Watch: President Duterte Receives a Red Carpet Welcome in Vietnam


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President Rody Duterte was warmly welcomed in Noi Bai International Airport in Hanoi for a two-day official visit in Vietnam.

He also received a red carpet welcome and warmly greeted by Vietnamese officials.

Presidential Communication of the Philippines Facebook fanpage posted a live coverage of President arrival in Vietnam.

Duterte visited Vietnam with the members of the Philippine delegation to discuss things that can forge a stronger alliance between the two countries.

The government of Vietnam also prepared a limousine for Duterte to deliver him in his hotel.

Duterte magic still strong in Vietnam

HANOI, Vietnam – It’s his first official visit here but it feels like coming home for President Rodrigo Duterte.

Nearly an hour before the President was scheduled to arrive, organizers and Embassy officials were sweating profusely.

Officers and marshals of the Pinoy Sa Hanoi (PSH) have to cram more than 600 people inside the 300-seating capacity Grand Ballroom of the Intercontinental Hanoi West Lake.

PSH president Feliciano Felix Jr. said they were expecting about 500 people but sources from the Philippine Embassy in Hanoi already listed more than 640.

“Those who are not in the list, we are sorry but we are not sure if you could be accommodated,” an officer announced over the din inside the hotel lobby.

That was way before the participants started falling in line outside the venue.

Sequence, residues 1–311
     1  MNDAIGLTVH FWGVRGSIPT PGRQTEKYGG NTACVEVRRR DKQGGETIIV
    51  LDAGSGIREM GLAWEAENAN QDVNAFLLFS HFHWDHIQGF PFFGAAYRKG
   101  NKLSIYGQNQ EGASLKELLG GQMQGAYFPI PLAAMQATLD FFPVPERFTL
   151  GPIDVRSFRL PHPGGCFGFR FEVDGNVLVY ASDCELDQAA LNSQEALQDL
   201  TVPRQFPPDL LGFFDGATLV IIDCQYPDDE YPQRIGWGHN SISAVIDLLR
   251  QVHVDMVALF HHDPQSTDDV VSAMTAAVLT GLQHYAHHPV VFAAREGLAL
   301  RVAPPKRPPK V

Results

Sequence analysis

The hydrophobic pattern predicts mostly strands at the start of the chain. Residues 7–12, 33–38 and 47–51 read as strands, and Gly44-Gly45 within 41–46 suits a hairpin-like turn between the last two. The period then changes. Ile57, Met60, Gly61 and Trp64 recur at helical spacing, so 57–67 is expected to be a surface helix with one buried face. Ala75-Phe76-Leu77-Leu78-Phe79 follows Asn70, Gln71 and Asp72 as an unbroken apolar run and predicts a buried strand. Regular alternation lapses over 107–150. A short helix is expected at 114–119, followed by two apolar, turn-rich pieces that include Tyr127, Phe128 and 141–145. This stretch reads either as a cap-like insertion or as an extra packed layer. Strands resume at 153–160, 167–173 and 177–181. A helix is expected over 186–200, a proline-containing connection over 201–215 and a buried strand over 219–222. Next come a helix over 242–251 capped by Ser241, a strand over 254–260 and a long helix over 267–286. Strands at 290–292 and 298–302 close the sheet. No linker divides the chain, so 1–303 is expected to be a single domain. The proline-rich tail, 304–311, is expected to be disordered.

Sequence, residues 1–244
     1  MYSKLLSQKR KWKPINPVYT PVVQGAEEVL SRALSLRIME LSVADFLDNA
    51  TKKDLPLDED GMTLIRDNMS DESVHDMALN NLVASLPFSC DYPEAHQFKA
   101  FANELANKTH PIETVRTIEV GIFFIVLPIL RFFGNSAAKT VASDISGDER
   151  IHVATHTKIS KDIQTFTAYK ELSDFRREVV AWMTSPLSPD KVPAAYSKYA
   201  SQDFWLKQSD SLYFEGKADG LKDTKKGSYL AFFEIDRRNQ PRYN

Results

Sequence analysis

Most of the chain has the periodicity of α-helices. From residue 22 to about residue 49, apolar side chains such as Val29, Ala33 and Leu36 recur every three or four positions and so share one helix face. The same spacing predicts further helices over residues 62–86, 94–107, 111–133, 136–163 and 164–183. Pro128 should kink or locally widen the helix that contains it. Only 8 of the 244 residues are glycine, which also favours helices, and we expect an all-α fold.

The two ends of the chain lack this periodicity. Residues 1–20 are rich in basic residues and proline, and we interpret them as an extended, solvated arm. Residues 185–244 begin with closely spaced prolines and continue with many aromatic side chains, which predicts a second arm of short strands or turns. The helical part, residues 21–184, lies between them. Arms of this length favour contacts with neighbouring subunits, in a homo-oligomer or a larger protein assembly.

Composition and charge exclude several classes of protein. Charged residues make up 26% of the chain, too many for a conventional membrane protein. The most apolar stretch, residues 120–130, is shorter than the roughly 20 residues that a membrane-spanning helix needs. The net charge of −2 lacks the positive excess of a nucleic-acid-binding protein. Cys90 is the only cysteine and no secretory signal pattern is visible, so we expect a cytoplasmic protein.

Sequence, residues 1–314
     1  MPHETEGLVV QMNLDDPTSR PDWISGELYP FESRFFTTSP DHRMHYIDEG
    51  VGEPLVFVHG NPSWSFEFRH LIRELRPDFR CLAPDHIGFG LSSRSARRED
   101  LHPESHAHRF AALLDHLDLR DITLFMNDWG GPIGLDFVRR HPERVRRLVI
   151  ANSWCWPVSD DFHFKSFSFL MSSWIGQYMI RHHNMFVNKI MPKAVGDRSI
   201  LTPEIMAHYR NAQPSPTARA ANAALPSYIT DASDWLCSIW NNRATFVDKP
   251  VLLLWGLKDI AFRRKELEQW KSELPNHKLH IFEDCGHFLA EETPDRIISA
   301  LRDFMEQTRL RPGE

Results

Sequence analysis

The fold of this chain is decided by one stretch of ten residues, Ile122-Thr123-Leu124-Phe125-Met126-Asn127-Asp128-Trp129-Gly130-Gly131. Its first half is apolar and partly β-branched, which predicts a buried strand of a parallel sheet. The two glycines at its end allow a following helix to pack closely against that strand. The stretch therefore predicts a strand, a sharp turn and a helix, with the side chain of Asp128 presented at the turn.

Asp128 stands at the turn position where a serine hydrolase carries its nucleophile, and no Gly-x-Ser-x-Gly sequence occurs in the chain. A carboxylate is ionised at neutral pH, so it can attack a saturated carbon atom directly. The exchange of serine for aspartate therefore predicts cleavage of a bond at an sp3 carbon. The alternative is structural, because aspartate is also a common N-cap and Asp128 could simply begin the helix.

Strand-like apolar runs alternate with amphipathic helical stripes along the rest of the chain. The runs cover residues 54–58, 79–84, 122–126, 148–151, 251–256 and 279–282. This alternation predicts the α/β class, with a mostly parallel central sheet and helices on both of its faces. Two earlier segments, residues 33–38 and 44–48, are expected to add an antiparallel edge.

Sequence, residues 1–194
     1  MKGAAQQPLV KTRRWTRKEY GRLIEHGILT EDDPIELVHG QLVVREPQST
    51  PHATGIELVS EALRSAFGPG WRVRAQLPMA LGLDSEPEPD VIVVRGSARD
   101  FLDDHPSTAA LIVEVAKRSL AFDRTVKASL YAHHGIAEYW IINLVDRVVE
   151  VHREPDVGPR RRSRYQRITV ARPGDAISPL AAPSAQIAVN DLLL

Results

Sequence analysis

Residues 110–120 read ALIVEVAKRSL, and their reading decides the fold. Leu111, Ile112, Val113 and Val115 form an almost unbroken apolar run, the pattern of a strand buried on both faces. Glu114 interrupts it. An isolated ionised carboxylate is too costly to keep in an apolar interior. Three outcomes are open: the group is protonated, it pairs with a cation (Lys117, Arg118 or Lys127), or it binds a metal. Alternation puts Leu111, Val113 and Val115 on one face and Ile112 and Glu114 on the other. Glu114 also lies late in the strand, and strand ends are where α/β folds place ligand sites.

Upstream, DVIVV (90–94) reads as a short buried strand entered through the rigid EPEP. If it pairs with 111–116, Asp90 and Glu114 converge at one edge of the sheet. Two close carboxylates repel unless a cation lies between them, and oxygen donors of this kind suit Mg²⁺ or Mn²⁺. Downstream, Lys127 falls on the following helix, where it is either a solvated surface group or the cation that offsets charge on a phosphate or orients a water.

The early birds did not mind the heat, gamely exchanging pleasantries with each other, some clapping when somebody they recognized arrived.

An English teacher who hails from Subic said he took a two-hour bus ride to Hanoi from where he is based.

Another one who came in later said he took three hours longer.
Ho Chi Minh Filipino community president Rolando Ramos flew all they way just to attend the event along with Rey Martial Rodriguez.

As the line grew longer, organizers grew more worried.
A bus load of students from a district two hours away from Hanoi stretched the line even longer.

When asked if they were forced to come, they swiftly retorted in Pilipino: “hindi naman!”
“Gusto talaga namin sya makita (We really want to see him),” a female student said, as heads around her nodded in approval.
A long-time Vietnam resident does not recall anything close to this in past presidential visits.

“We were not invited, and we were not interested,” he explained.
A couple of Cebuano-speaking women were overheard saying no amount of bad publicity can make them change their opinion of the President.

“Pareho ra na sila tanan. Mas hawod pa kang Digong (All of them are the same. They think they know better than Digong),” one of them said referring to Duterte’s nickname.
Going by the inconveniences and even sacrifices Filipinos in Vietnam had to put up with just to welcome Duterte, it means his critics still has a lot of work to do just to dent his popularity here.


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